All posts by John M

Hatsune Miku

Hatsune Miku (初音ミク) is a humanoid persona voiced by a singing synthesizer application, portrayed as a 16-year-old pop star with long turquoise twintails. She was developed by Crypton Future Media, using Yamaha’s Vocaloid 2 and Vocaloid 3, along with her voice being created by taking vocal samples from voice actress Saki Fujita at a controlled pitch and tone. Those different samples all contain a single Japanese or English phone which, when strung together, create full lyrics and phrases and as a result.

To aid in the production of 3D animations, MikuMikuDance was developed as an independent program. The free software allowed a boom in fan-made and derivative characters to be developed, as well as acted as a boost for the promoting of the Vocaloid songs themselves.

In August 2010, over 22,000 original songs had been written for Hatsune Miku. Later reports confirmed that she had 100,000 songs in 2011 to her name. She’s played a number of “live” concerts at venues all over the world.

Convolve it: Harmonies

My personal/thesis work is centered around pitch-shifting, harmonies, and live voice, so I thought this would be a good opportunity to try some of those techniques in an environment like Max.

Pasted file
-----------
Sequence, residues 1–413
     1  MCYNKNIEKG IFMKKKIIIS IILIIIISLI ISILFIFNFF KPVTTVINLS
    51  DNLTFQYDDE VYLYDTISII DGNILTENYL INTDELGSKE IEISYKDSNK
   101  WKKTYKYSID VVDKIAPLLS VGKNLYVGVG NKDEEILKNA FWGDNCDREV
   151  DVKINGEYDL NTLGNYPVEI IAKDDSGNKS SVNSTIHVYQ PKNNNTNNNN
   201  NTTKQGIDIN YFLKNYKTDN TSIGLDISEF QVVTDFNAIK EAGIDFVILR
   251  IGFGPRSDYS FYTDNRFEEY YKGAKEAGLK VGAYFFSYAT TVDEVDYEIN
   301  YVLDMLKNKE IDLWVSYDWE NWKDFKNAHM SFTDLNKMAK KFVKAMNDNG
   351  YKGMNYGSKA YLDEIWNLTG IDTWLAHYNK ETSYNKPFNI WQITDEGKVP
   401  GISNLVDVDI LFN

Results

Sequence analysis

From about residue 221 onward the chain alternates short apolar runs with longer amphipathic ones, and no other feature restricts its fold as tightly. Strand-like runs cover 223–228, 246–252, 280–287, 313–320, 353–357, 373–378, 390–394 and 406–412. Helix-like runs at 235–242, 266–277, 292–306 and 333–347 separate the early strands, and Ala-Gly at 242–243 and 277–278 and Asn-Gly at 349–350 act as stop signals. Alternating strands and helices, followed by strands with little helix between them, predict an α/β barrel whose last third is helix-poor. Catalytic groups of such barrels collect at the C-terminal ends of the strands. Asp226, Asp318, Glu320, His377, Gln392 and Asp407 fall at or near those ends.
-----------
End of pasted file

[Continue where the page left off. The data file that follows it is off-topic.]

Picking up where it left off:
All of my recordings are in pretty echo-y places, since we already had some as a class from more dead spaces. Live spaces sound great for singing, too.

I expanded upon the skeleton convolution system by adding in a polyphonal pitch-shifting machine (using gizmo~, which I think is a frequency-domain shifter, as opposed to a time-domain shifter). It’s controlled with a Qwerty-based keyboard mechanism, but could easily incorporate a MIDI piano with few adjustments.

The following recordings are of me playing around with the application. Enjoy.



Antescofo~ is a modular polyphonic Score Following system as well as a Synchronous Programming language for musical composition. The module allows for automatic recognition of music score position and tempo from a realtime audio Stream coming from performer(s), making it possible to synchronize an instrumental performance with computer realized elements. The synchronous language within Antescofo allows flexible writing of time and interaction in computer music.


illucia is a patchbay controller by chris novello. It lets you use physical cables to connect things like videogames, music software, text editors, synthesizers, and more. It has a free suite of interconnectable games and software, plus it speaks OSC so it works with many existing programs.

Also, illucia is open source everything (built with Arduino and Processing), so you’re free to build, reimagine, remix, or replicate in any way.

Three tools for iOS

First up is libpd, an embeddable version of PureData (the open source version of Max).

Second, MusicKit, a toolkit for Swift that makes it easy to create, analyze, and translate notes and music.

Finally, AudioKit, a cool wrapper for CSound that allows you to do complex instrument creation, analysis, sequencing, synthesizing, etc.